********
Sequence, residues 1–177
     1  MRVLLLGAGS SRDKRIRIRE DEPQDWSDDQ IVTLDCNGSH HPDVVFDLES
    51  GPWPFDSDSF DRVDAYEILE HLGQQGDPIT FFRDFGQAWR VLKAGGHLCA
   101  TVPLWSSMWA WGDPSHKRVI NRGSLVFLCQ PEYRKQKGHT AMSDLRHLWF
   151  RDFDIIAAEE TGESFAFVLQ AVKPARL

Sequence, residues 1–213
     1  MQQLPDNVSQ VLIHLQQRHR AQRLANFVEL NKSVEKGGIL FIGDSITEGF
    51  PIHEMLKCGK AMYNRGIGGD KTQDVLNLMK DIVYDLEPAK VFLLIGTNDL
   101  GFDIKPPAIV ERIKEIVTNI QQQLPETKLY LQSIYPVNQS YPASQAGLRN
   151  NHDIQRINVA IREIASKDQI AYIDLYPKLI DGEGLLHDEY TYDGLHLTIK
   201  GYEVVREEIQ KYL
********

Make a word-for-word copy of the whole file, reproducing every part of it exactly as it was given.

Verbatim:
Sequence, residues 1–177
     1  MRVLLLGAGS SRDKRIRIRE DEPQDWSDDQ IVTLDCNGSH HPDVVFDLES
    51  GPWPFDSDSF DRVDAYEILE HLGQQGDPIT FFRDFGQAWR VLKAGGHLCA
   101  TVPLWSSMWA WGDPSHKRVI NRGSLVFLCQ PEYRKQKGHT AMSDLRHLWF
   151  RDFDIIAAEE TGESFAFVLQ AVKPARL

Sequence, residues 1–213
     1  MQQLPDNVSQ VLIHLQQRHR AQRLANFVEL NKSVEKGGIL FIGDSITEGF
    51  PIHEMLKCGK AMYNRGIGGD KTQDVLNLMK DIVYDLEPAK VFLLIGTNDL
   101  GFDIKPPAIV ERIKEIVTNI QQQLPETKLY LQSIYPVNQS YPASQAGLRN
   151  NHDIQRINVA IREIASKDQI AYIDLYPKLI DGEGLLHDEY TYDGLHLTIK
   201  GYEVVREEIQ KYL